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Interview With John Boyega - Pacific Rim: Uprising

Published Date: 07/03/2018


In the Pacific Rim universe, the Kaiju are giant monsters that erupted from the depths of the Pacific Ocean. Entering our world through the dimension-spanning portal called the Breach, they are living weapons of mass destruction, bio-engineered to terraform planets. In Pacific Rim Uprising, the Kaiju evolve into a deadly and unexpected new species. To fight this new enemy Pacific Rim: Uprising needed a star of the stature of John Boyega.

Boyega, his star on the rise with the success of Star Wars: The Force Awakens, wasn’t simply interested in acting in his next project. He felt that if he would give the time and energy necessary to be on set, then he would want to serve as an on-set producer. We were intrigued to learn more!

“I had set up my own production company and went to Hollywood to introduce myself. One of the scheduled meetings was at Legendary, with Mary Parent and Cale Boyter. We talked about various projects, but at one point Mary said ‘We’re looking to do a sequel to Pacific Rim. Would you be interested in taking a look at a few things?’

“I said ‘yes, of course’ and we went into the room next door where they had this incredible concept art on display, depicting me in this incredibly designed suit,” he continues. “It was a fully developed pitch with Cale showing me all the amazing new elements for the film, featuring me.” He laughs, “They cornered me, I have to say!”

On his character, Boyega expands: “Jake’s personality is nuanced and conflicted. He grew up in the shadow of his father, Stacker, and he’s battled with living up to the family name. He had aspirations to be a Jaeger pilot, and began training at the PPDC Academy, but they were halted after a confrontation with Stacker led him to rebel and follow a dangerous path. What follows that is his journey to becoming a hero.”

Boyega wanted Jake to possess an element of Stacker in terms of presence, energy and authority, but to be someone very different; for audiences to recognize the rebel in him that Stacker didn’t agree with. “That’s something that I decided to create based on how I saw myself when I was 16 and 17—a cocky kid with a little bit of mismanagement.”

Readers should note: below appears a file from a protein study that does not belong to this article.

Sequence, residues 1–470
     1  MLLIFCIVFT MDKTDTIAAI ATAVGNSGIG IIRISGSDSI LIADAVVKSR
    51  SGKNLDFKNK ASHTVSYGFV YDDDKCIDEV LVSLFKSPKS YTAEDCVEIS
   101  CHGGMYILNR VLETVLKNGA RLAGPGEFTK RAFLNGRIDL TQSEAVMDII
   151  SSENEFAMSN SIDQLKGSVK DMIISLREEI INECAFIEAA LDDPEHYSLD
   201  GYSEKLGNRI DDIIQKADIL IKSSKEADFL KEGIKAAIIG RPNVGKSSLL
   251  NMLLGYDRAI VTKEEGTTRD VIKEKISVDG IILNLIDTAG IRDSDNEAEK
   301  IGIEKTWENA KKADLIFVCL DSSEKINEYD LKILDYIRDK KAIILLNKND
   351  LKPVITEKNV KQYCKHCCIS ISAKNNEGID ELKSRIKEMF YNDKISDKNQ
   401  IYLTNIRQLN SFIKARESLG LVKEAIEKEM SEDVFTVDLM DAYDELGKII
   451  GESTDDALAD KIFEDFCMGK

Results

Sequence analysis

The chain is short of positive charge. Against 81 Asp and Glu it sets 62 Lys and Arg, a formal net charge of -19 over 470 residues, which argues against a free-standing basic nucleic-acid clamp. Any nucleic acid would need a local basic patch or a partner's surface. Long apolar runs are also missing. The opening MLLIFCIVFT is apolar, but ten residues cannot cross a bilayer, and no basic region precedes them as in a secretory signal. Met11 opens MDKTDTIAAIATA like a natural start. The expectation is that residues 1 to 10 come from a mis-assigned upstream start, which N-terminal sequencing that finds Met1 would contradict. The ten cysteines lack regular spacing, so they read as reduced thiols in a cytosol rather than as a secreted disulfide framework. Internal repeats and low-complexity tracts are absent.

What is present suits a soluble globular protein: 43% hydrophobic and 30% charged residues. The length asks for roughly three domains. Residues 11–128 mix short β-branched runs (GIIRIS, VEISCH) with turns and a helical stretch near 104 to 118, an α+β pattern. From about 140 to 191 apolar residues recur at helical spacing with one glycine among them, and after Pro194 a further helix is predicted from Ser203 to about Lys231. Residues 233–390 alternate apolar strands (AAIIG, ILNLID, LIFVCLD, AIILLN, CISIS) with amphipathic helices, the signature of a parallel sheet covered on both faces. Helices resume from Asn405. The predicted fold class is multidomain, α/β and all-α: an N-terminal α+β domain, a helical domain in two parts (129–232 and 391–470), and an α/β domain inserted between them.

The multi-talent welcomed his dual rule over the course of the massive production. “In my previous films, I was just an actor,” Boyega says. “Now I’d be a producer as well, and I loved the challenge of having to live up to that form of leadership, co-producing alongside a studio that I admire, acting in a fantastic role, and working with Steven - someone I’ve wanted to work with after his incredible work on (the TV shows) Spartacus and Daredevil.”
“One of the reasons why he is so great is because he’s collaborative, and his notes are accurate to character,” continues Boyega. “I’ve been blessed in my career to meet directors who have a great balance between technical knowledge and artistic knowledge, and Steven has a way of directing to make it all feel seamless. It felt like we worked as one. He’s fantastic.”

With his producer’s hat on Boyega brought in acclaimed stunt artist Liang Yang onto the film, with whom he’d first worked on Star Wars: The Force Awakens, to advise on the fight sequences. He decided to think in terms of not just how humans move, but also the newly acrobatic and agile Jaegers. Boyega says: “We wanted to make sure that we could show that these skills are a very significant development from what was done in the first film. So, we brought on Liang, who is an expert in martial arts, to take a look at the pre-visualisations. Once Liang got a hand on the pre-visualisations, he built on top of the fantastic ideas that Steve had. Liang had a great collaboration with the visual effects team, and a lot of the sequences in the confrontation scenes will shock the audience.”

It certainly seems that the dual role of star and producer while presenting complex challenges for Boyega, proved to be a great experience. “Being a producer was interesting because any decision I helped make outside the character affected the role. When it came to casting the other actors, when it came to set pieces, action sequences, dialogue, it was all a jigsaw puzzle in which I had to make decisions and give opinions to support the character I felt needed to be created.”
Pacific Rim : Uprising opens at Showcase on March 23


Pacific Rim Uprising opens at Showcase on March 23

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